And that’s what photography is all about. It’s more than taking pictures, its preserving memories.
I spend a lot of time with Tiffany and though I once thought running ones own photography business would be easy, it is not for the faint of heart. Tiffany puts a lot of time, dedication, and hard work into it. She is passionate and that’s the main key.
On top of that, she’s a business woman. A photography business is still a small business and business takes work. According to Financial Post, the average small business owner puts in 51 hours a week – with 1 in 5 working over 60. (full article)
Tiffany puts a ton of time into her business and I want to share some of what goes into a photography business.
At one of Tiffany’s shoots this year [that I was fortunate to tag along for], I heard a person say something along the lines of, ‘the money must be pretty good’ hinting that the shoot might be over-priced. The way this person said it clearly told me they weren’t too familiar with all the fixed, variable, and overhead costs of running a business.
Lets take a look at some of the obvious things
First, there’s time taking pictures and then the time it takes to edit them [which for a typical wedding is anywhere from 30-50 hours]. That’s a good start but there’s more. Most people forget about the interaction before the shoot.
Many people inquire and most will not become clients. then the ones that take the plunge need more communication about scheduling a shoot, trying to find the right time, where will it be, what to wear, etc. If its a wedding, many times a photographer will have to meet with an inquiring person (sometimes multiple times) even before they win the bid. That time adds up.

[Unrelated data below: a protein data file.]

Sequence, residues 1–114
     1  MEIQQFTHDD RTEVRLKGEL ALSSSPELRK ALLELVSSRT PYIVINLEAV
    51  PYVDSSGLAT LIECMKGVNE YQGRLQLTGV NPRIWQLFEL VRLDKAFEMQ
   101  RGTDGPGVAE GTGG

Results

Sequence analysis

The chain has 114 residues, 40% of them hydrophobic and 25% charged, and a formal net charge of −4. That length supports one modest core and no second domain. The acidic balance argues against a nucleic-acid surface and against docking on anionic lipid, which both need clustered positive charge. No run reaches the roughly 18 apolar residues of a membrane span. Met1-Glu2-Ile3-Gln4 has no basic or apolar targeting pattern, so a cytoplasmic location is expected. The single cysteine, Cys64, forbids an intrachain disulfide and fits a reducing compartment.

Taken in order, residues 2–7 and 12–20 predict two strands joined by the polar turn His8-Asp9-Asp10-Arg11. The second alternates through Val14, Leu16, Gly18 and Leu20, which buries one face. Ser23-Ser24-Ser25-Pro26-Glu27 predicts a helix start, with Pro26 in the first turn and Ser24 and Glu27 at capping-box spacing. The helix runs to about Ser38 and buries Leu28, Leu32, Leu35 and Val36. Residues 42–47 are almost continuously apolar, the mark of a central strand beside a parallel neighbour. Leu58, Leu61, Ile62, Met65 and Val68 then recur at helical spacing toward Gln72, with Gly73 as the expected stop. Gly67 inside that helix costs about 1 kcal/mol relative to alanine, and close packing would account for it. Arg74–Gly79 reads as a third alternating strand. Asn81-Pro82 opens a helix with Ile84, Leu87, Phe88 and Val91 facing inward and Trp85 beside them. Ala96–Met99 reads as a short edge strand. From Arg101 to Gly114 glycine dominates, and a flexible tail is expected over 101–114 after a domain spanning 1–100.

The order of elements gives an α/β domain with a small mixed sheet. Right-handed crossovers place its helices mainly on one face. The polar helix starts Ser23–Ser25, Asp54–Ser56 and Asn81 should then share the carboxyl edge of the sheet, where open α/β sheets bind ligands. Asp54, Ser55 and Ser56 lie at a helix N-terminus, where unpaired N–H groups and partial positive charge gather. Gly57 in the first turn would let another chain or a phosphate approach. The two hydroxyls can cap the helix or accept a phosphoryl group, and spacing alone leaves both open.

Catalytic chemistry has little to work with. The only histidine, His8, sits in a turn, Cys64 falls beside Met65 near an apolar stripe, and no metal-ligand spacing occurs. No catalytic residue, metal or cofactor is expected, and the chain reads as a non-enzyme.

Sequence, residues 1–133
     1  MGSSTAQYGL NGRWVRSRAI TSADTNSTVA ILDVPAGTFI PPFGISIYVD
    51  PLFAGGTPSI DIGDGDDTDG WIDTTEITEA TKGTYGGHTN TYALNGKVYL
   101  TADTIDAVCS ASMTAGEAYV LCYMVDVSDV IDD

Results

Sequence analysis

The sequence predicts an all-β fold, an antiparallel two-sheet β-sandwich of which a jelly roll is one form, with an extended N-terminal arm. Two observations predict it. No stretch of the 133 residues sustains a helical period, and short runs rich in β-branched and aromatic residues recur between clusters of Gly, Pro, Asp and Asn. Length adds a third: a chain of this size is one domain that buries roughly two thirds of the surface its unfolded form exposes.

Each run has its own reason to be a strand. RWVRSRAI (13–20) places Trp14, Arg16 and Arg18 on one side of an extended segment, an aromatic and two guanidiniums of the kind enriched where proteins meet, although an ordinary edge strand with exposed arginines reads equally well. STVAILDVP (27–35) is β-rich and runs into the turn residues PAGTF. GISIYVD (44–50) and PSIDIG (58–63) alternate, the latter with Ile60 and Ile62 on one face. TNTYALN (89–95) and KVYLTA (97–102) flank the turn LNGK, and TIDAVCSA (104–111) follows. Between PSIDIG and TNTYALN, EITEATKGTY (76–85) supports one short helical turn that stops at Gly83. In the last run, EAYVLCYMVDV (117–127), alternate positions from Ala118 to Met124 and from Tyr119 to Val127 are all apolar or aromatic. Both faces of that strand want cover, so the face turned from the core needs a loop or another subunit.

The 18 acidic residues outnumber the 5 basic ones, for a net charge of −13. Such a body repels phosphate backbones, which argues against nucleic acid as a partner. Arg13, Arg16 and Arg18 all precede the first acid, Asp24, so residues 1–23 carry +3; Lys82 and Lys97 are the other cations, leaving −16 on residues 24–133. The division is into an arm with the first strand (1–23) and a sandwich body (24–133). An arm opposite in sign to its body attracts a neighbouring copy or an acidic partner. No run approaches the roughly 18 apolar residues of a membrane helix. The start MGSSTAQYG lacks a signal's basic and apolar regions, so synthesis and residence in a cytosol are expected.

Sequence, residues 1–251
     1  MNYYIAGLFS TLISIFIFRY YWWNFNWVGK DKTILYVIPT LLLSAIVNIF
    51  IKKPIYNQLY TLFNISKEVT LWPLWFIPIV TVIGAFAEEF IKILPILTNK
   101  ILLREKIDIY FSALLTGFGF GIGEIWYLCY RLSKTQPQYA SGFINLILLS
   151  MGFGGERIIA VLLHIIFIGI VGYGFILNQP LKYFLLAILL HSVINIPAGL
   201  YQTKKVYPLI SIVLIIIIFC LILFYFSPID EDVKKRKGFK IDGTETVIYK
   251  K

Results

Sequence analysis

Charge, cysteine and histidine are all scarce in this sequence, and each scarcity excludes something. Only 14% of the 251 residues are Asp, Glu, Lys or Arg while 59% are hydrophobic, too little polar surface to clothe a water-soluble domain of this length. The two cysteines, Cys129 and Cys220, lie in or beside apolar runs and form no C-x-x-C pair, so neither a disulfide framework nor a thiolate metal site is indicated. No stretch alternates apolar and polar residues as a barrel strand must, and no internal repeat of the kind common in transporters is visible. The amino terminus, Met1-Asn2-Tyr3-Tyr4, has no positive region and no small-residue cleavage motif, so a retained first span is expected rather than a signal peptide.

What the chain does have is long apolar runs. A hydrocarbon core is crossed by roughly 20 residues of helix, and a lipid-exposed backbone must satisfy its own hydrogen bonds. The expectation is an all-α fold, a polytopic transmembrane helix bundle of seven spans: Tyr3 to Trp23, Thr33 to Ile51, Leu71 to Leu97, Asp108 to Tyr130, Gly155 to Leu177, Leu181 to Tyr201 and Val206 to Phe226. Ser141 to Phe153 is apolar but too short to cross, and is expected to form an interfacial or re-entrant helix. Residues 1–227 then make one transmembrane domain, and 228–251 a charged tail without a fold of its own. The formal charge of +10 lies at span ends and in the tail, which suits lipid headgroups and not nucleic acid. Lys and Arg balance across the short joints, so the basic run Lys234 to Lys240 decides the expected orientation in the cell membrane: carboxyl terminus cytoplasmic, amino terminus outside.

The average family shoot is about 2 hours but don’t forget to add the travel time there and back. But before that you have to make sure all the gear is prepped properly, cleaned, and ready for action.
After the shoot comes the fun part, editing. Editing is an art. Not many have the true stills to professionally capture lasting memories that will hang timeless above the fireplace, let alone the patience for it. You can get an estimate on how long the editing of session may be by multiplying the length of time for the session by 4!
That’s right. 4 times longer to edit those images they’ve captured from the shoot. So, a 2 hour shoot times… well you get the picture. Quality time is spent on editing photographs to ensure you get the best professional, clean, sharp images possible.
Let’s add more time to this mix. We took a ton pictures but depending on the shoot it may take up to an hour just to upload the images from the camera to the computer. Then time to back up all the images on an external hard-drive. Then another hour to download all the edited pictures to a USB or disc, maybe even longer if you upload them to an online gallery.
Time is the main piece of the equation. You might be able to see that many photographers actually work below minimum wage due to the hours they invest into the clients, sessions, editing and business.
As if that wasn’t enough, we haven’t even mentioned anything about taxes, licenses, insurance, website expenses, accounting, and other traditional expenses the small businesses and the self-employed are required to pay, but that will be for an other article.
Well, there is definitely a lot that goes into a photography business. I hope you have a little more understanding about the photography business world. If you have any comments or questions feel free to ask.
After reading about all that goes into a single session and everything with the business side, do you still think all photographers are over-priced?
Anyone think I missed anything?